Smith, Ralph L. Micah–Malachi. Vol. 32. Dallas: Word, Incorporated, 1984. Print. Word Biblical Commentary.

    Because of the difficulty of the concept of the mortal piercing of God, the subject of this clause, and the shift of pronoun from “me” to “him” in the next, many MSS read אַלֵי אֵת אֲשֶׁר (’ale ’et ’asher, “to the one whom,” a reading followed by NAB, NRSV) rather than the MT’s אֵלַי אֵת אֲשֶׁר (’ela ’et ’asher, “to me whom”). The reasons for such alternatives, however, are clear—they are motivated by scribes who found such statements theologically objectionable—and they should be rejected in favor of the more difficult reading (lectio difficilior) of the MT.

    Biblical Studies Press. The NET Bible First Edition Notes. Biblical Studies Press, 2006.

    In the Hebrew text the relative clause “the one whom they pierced” is preceded by the accusative sign, which specifies that the speaker (note “me”) and “the one whom they pierced” are one and the same. The use of the third-person singular pronoun later in the verse (note “him”) makes it appear that the one who is pierced and lamented is distinct from the speaker, but it is more likely that the switch to the third person is purely grammatical. The third-person pronoun refers back to “the one whom they pierced,” which in turn is equated with the speaker (“me”).331 In this context, in which the speaker is most naturally understood as God himself (see vv. 2–4, 6, 9–10), the piercing is purely metaphorical, referring to the people’s rejection of their divine shepherd (see 11:8).

    Chisholm, Robert B., Jr. Handbook on the Prophets: Isaiah, Jeremiah, Lamentations, Ezekiel, Daniel, Minor Prophets. Grand Rapids, MI: Baker Academic, 2002.

    The Heb is ambiguous, because it may refer to a person or a group whom they have pierced. Although the identity of the pierced one/ones is unclear, if the text is read as the continuation of v. 9—as the structure of the section set by the in that day openings suggests—it is more likely that it points to an individual or group from within the nations. For an understanding of the verse as pointing to the Messiah from the House of Joseph, see b. Sukkah 52a. Radak reads the text differently; for him it describes such a salvation that if even one person of Israel were killed in the battle, they will be astonished.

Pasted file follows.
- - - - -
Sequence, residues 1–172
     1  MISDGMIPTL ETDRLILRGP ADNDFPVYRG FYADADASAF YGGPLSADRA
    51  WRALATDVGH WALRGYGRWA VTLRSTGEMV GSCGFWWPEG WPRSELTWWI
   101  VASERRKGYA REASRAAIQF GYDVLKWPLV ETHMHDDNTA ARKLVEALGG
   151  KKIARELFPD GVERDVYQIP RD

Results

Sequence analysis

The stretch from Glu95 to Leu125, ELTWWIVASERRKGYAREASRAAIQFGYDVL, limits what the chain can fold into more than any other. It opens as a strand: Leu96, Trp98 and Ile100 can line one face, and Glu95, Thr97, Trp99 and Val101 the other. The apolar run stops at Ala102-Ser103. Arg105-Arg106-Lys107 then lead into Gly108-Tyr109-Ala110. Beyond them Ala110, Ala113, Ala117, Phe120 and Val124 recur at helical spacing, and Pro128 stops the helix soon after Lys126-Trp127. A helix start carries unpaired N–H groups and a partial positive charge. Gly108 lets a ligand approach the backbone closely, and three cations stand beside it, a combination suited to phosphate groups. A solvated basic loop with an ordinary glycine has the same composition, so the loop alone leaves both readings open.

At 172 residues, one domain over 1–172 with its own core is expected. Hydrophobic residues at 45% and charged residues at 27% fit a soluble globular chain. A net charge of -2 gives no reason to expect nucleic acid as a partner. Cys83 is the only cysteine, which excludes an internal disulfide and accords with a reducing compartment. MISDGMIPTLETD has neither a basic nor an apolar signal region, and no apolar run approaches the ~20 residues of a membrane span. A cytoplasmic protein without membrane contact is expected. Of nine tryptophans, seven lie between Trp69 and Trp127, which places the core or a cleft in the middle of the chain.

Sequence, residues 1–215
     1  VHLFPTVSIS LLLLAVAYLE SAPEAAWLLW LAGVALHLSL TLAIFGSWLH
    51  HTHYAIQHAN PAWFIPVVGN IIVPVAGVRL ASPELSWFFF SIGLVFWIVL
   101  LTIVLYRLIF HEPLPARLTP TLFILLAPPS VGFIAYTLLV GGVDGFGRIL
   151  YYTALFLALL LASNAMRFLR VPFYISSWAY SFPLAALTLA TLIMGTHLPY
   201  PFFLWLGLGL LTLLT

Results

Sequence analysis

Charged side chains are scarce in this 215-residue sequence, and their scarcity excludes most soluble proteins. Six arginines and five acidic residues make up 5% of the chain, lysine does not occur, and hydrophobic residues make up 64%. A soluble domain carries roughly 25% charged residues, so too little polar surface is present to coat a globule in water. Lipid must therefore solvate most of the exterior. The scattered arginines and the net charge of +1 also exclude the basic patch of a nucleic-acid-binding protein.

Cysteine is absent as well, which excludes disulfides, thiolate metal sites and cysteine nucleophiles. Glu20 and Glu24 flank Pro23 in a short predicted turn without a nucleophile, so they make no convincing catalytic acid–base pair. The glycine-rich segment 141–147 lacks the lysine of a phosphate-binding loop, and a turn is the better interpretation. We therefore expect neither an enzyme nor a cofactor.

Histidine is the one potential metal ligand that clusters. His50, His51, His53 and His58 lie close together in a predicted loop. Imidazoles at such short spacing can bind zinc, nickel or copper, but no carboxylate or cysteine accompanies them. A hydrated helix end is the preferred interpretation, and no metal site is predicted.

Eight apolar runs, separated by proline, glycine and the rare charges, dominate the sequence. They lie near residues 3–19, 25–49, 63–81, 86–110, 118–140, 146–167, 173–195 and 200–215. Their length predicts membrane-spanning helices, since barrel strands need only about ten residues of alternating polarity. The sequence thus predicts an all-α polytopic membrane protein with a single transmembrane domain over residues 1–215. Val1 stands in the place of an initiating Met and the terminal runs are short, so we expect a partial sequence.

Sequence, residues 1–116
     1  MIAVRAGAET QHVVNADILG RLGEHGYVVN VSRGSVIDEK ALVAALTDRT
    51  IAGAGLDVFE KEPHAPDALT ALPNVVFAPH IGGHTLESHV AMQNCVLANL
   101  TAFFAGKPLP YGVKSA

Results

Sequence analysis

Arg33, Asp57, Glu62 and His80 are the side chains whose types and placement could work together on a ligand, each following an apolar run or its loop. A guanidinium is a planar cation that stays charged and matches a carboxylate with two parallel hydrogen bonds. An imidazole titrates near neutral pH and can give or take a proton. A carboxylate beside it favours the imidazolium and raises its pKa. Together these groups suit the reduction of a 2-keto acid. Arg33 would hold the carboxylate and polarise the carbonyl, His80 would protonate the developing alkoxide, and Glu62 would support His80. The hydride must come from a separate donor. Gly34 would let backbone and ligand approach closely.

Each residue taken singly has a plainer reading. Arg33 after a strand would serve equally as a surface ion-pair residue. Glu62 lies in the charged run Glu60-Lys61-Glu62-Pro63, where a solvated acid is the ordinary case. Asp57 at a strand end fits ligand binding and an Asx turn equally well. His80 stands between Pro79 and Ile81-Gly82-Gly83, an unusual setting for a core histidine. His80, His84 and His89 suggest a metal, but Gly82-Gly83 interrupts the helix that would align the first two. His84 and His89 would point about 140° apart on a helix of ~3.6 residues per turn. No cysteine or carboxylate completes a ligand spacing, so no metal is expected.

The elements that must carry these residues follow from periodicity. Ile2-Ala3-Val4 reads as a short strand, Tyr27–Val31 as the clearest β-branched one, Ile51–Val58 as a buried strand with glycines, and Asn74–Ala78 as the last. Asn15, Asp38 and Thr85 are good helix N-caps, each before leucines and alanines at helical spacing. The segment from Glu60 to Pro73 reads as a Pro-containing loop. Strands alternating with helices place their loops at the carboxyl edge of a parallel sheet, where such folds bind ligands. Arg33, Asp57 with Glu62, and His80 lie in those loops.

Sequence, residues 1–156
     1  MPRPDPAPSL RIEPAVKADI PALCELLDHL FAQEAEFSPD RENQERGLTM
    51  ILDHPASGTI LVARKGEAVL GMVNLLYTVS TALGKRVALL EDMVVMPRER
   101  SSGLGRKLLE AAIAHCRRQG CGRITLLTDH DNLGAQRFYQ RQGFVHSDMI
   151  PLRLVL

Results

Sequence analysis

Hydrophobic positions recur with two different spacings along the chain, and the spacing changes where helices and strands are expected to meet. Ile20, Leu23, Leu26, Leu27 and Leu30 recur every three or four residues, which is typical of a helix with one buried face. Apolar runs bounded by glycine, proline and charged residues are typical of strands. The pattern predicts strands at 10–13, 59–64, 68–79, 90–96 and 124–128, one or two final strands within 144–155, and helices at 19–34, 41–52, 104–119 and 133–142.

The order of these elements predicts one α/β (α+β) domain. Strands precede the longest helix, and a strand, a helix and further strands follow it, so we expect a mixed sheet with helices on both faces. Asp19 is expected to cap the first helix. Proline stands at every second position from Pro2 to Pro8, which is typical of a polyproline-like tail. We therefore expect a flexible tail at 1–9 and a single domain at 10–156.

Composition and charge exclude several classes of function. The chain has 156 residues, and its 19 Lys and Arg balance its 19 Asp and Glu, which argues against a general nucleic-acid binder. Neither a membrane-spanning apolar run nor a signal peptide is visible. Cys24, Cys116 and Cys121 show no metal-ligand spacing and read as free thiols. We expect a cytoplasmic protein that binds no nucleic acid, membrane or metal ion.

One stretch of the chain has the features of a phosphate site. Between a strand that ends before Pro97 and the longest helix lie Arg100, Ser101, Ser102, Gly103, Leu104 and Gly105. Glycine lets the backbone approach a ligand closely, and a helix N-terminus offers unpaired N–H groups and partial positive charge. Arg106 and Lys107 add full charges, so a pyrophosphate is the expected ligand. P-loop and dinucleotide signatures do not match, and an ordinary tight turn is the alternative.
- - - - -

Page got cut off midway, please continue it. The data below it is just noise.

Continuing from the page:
Berlin, Adele, Marc Zvi Brettler, and Michael Fishbane, eds. The Jewish Study Bible. New York: Oxford University Press, 2004.

    Post edited by Mitchell on
  • @Mitchell, thank you for the further information. I think that in this case the John 19:37 quotation of the passage from Zech 12:10 points to the wording that makes most sense and gives the correct wording of the statement.

  • MitchellMitchell Posts: 667
    edited October 2020

    In my opinion I think if particular types of Christians (not talking about you here) were more consistent with their claim that the OT/Hebrew Bible should be interpreted through the lens of the NT writings they would appeal to John 19:37 when attempting to make sense of Zech 12:10.

  • C McC Mc Posts: 4,410